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Assessing Inclusion: Building Culture from the People Out

Diversity is not a compliance policy. Diversity is not about tolerance, or sensitivity, or special treatment, or filling out a form regarding the gender and ethnicity of an organization’s workforce. And diversity in the workplace is not merely a brute fact of our national culture and economy; a rising tide which will either lift us or overwhelm us. 

For those companies that have created inclusive cultures, it has becoming a key advantage in their competitiveness, their creativity, and their success as business and social enterprises. The fact is that if you want to build teams or organizations capable of innovating, you need diversity. Diversity enhances creativity. It encourages the search for novel information and perspectives, leading to better decision making and problem solving. Diversity can improve the bottom line of companies and lead to unfettered discoveries and breakthrough innovations. Just being exposed to diversity can change the way you problem solve. 

This is not just wishful thinking: it is the conclusion of decades of research from organizational scientists, psychologists, sociologists, economists and demographers.

As such, our tendency to focus on diversity as a compliance issue has distracted many organizations from understanding that hiring for inclusion is not merely checking off boxes of race, ethnicity or gender. It is looking for those people who are, themselves, prepared to actively participate in “an inclusion culture.” We can now look more deeply into the preferences and behaviors that allow us to combat unconscious bias in the workplace and focus on those traits that take full advantage of a diverse workforce.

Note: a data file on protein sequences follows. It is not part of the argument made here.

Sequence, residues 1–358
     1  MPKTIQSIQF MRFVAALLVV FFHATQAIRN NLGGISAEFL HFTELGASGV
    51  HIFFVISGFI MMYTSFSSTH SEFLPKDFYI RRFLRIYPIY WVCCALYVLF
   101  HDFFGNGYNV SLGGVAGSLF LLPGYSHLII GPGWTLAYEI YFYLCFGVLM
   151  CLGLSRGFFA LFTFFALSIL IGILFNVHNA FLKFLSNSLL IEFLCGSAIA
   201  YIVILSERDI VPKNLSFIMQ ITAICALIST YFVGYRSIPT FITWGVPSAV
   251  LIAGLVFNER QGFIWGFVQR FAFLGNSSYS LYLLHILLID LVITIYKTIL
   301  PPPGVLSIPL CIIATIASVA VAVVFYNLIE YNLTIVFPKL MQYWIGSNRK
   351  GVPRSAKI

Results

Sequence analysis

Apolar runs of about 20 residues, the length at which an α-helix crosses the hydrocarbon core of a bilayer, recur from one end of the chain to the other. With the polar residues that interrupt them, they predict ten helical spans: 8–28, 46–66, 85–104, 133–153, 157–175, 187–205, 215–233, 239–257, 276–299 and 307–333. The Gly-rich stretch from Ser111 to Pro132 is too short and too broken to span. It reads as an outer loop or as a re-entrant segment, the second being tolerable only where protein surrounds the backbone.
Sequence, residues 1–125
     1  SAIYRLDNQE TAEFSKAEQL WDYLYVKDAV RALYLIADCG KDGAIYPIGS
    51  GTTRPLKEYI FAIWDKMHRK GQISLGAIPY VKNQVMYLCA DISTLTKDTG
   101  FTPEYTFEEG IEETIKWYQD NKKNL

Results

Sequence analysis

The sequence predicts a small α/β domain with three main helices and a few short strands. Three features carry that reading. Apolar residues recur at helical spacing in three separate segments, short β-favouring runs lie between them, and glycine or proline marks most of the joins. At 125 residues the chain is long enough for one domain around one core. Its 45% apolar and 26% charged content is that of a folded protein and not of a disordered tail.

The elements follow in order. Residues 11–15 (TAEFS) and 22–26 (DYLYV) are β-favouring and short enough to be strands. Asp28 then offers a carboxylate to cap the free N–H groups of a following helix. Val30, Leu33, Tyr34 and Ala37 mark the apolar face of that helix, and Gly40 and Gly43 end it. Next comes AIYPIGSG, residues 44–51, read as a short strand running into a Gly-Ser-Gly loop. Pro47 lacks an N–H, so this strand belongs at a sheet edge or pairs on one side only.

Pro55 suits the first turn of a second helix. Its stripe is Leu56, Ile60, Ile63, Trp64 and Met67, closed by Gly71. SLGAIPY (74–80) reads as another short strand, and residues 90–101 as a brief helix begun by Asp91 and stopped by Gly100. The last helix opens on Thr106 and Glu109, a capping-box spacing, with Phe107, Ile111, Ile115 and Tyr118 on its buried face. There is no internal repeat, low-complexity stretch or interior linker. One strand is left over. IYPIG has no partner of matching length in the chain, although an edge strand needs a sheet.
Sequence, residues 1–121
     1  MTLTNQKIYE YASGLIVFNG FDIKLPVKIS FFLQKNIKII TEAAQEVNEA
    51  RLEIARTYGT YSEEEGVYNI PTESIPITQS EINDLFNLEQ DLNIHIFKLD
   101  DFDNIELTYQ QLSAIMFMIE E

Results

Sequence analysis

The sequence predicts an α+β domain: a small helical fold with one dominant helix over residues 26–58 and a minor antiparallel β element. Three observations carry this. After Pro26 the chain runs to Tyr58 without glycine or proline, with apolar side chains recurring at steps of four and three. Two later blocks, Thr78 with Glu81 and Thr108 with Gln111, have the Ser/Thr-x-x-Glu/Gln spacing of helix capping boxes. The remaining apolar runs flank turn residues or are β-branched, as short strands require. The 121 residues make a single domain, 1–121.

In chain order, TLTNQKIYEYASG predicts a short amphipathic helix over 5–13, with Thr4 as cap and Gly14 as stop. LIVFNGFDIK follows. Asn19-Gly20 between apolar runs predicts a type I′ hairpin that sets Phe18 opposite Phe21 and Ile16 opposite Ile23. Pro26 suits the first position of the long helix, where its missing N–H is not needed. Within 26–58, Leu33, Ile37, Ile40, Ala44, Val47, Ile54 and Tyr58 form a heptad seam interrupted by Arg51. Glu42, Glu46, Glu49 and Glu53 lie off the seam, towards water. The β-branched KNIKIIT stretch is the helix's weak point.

New technologies and assessment tools allow us to evaluate those preferences and behaviors that make for an inclusion culture. Examples include:

  • Flexibility – The ability to react promptly and with agility, and adapt to different changes, personalities and working styles.
  • Managing Generations – A flexible management style that adapts to generational differences, enabling inter-generational collaboration that motivates and increases the efficiency of the team.
  • Connection to Others – The capacity to easily relate to people, to be motivated by a feeling of belonging to a group and create, maintain and value interpersonal relationships.
  • Positive Thinking – The capacity to assess and interpret a situation in an optimistic, confident manner, to identify the advantages or benefits of a situation and expect positive results.
  • Engagement – The tendency to exert maximum effort on a daily basis, to be dedicated to the goals and values of the organization, to be motivated in contributing to its success, demonstrating high morale.
  • Personal Growth – The desire to constantly seek development opportunities, be preoccupied with giving and receiving feedback and continual learning. 
  • Cooperation – The tendency to establish close social relationships based on trust, empathy and mutual support.
  • Team Work – Full participation in team effort and providing support to others in pursuit of organizational goals. Encourages the creation of work relationships between co-workers and shows generosity in information sharing.

All these dimensions (and more) can be measured and assessed even before new employees and managers are hired and promoted; contributing to the real value of an inclusive workplace culture. We can in this way build these cultures organically, from our people out, rather than trying to impose them from the top down or from the outside in.